Howard can't finish touch shots, and he can't create shots for others. He was stymied by the smaller Draymond Green in Game 1 and the unheralded Festus Ezeli in Game 5 in the respective second quarters as the Warriors took control.

Rockets coach Kevin McHale had gone into the series stressing force, saying, "We're going to have to knock 'em on their rear end…punch 'em in the mouth."

Yet once the series was over, the most damning assessment of the Rockets' makeup came from Green, who said Warriors coach Steve Kerr told them at halftime Wednesday, "It's ugly, but I like our team better in an ugly game than theirs."

The Rockets have the one dominant inside player in the series in Howard, but they don't have the edge in ugly. It's why general manager Daryl Morey went all in for Chris Bosh last year, knowing what a difference it would make to have some efficiency inside. With Bosh, the Rockets also would've had a proven champion who commands respect.

Jason "Jet" Terry was the closest Houston had instead, with McHale raving after the series ended about the value of the 37-year-old guard with one title from the 2011 Dallas Mavericks. "Jet's got championship blood in those veins," McHale said.

That's the same Jet whom Howard yelled at on two separate occasions for failing to be there on high-risk passes. Both times, Terry tried to tell Howard to calm down.

That wasn't the only time Howard lost his cool. He was assessed his seventh technical foul of the postseason for going chest-to-chest with Golden State's Andrew Bogut after the two got tangled up (referee Ed Malloy issued double techs in the third quarter). That's the limit: With seven, you get suspended for the next playoff game.

Turns out Howard won't have a next playoff game, but it's amazing how quickly his smiles at referee rulings or opponent actions morph into real anger. That, again, is him being better with ease as opposed to adversity.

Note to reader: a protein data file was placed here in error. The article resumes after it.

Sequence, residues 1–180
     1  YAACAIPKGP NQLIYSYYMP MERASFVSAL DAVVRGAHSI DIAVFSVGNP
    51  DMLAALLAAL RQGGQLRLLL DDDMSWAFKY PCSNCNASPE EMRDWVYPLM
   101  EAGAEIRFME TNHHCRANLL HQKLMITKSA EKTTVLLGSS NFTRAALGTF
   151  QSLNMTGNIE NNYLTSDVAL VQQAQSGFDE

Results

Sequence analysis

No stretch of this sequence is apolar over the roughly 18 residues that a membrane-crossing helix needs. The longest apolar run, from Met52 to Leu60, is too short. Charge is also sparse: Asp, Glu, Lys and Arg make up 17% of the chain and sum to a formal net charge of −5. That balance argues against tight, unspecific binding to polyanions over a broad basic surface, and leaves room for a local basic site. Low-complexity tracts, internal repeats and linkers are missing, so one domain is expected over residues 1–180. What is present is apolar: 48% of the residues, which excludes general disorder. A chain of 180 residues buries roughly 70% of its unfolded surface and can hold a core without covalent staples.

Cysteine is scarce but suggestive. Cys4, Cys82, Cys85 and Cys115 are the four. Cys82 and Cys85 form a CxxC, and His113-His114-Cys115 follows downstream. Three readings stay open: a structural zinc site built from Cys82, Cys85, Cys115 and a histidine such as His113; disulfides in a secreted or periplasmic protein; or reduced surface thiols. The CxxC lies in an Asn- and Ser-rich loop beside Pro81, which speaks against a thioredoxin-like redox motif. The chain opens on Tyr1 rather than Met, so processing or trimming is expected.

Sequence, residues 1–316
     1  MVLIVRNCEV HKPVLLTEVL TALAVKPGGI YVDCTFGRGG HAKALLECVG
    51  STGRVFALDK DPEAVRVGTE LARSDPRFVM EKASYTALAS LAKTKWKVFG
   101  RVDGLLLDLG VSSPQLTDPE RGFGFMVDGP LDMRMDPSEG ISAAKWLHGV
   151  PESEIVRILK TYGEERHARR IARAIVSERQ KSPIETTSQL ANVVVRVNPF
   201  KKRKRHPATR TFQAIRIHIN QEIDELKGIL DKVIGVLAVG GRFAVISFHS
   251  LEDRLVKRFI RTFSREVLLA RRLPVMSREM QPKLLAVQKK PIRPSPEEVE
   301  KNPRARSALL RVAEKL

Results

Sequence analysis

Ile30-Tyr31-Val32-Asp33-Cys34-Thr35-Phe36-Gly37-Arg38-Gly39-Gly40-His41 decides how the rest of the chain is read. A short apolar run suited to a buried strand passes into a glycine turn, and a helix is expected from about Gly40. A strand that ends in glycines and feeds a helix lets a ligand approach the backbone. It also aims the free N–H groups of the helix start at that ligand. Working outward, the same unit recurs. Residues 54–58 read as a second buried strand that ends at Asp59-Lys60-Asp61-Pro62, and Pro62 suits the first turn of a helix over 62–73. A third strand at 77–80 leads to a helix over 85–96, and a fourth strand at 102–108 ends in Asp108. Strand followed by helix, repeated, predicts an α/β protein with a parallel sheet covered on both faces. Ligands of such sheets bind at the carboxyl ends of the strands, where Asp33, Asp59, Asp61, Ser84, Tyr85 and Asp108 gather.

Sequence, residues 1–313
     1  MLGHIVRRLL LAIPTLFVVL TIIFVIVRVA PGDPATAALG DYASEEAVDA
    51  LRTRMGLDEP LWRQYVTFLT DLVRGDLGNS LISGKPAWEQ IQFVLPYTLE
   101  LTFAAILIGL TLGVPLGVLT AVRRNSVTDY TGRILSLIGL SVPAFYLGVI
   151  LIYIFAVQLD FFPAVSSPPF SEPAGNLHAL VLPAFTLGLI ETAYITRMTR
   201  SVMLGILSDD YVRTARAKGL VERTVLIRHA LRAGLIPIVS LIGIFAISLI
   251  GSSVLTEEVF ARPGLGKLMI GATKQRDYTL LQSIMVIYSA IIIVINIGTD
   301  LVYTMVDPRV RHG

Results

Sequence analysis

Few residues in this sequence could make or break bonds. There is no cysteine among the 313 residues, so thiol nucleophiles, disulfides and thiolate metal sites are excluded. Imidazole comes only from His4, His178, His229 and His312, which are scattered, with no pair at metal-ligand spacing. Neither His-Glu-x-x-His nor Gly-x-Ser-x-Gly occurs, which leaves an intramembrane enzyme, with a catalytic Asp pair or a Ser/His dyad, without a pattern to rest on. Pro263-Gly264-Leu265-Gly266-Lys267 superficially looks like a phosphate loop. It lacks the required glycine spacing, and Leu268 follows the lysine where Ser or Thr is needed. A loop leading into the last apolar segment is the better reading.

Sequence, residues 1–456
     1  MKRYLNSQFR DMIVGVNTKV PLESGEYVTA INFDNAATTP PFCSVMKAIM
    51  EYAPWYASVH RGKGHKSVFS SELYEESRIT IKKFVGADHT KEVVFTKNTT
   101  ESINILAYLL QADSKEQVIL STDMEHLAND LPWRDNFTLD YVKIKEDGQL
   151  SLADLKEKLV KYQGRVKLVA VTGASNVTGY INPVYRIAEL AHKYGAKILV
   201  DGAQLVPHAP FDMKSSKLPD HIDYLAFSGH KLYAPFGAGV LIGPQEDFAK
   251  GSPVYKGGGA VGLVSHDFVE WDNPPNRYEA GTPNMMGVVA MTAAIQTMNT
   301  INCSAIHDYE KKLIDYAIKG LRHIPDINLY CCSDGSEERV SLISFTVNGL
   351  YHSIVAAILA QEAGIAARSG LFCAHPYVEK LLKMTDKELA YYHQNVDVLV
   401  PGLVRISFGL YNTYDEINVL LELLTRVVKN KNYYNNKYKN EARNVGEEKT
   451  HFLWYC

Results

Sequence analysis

Howard wants only to swim downstream, same as in his longtime favorite movie, Finding Nemo.

He was made to feel special early on in life; his incredible size, strength and agility made him the classic youth basketball player to be coddled. "No matter how the season ends, I'm still a champion," Howard announced after the game. "I won't let anybody tell me anything different." 

Truth be told, there are no participation trophies at the end of the NBA season. Harden doesn't even get one for being MVP runner-up—or for making meaningful improvements in his defensive game this season.

For the Rockets to make the leap to actual champion, it's again going to have to be Harden getting better. He's already improved dramatically since Howard's arrival two years ago, yet the two of them aren't enough to be clear contenders.

Harden is actually a year and a half younger than Stephen Curry. The hope that Harden is more unstoppable next season isn't unfounded. He was already talking about that following the game and noting that the 13 turnovers offer him a lasting lesson of "valuing the ball a lot more, especially if I'm going to be doing a lot of ball-handling."

Whether Morey can bring in a significant someone to handle the ball some for Harden next season, it's not going to be Howard.

HOUSTON, TX - APRIL 18:   Dwight Howard #12 and James Harden #13 of the Houston Rockets wait on the court against the Dallas Mavericks during Game One in the Western Conference Quarterfinals of the 2015 NBA Playoffs on April 18, 2015 at the Toyota Center
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Despite the differences between the two, their personalities have worked OK together: Harden's get-the-job-done stoicism has played well off Howard's animation, a dynamic seen before tipoff each night.

Before each game, Howard has a pre-tip tradition with Trevor Ariza, featuring Howard simulating a quarterback hike and throwing Ariza a football pass with the game ball—then doing the Heisman Trophy pose.

Howard has a pregame ritual with Harden, too.

Howard goes to midcourt and kicks off the team's shooting warm-up by grabbing balls off the rack. One by one, Howard launches glory-seeking hook shots from halfcourt while Harden stands down there at the basket and catches the misses. On the fifth and final half-court hook shot, Harden holds the rebound, waits and throws a lob pass as Howard trucks through the lane and leaps for a flashy dunk.

If they're adding something meaningful to their two-man act for the games next season, it's going to have to be Harden who puts in the work and brings it.

Kevin Ding covers the NBA for Bleacher Report. Follow him on Twitter, @KevinDing.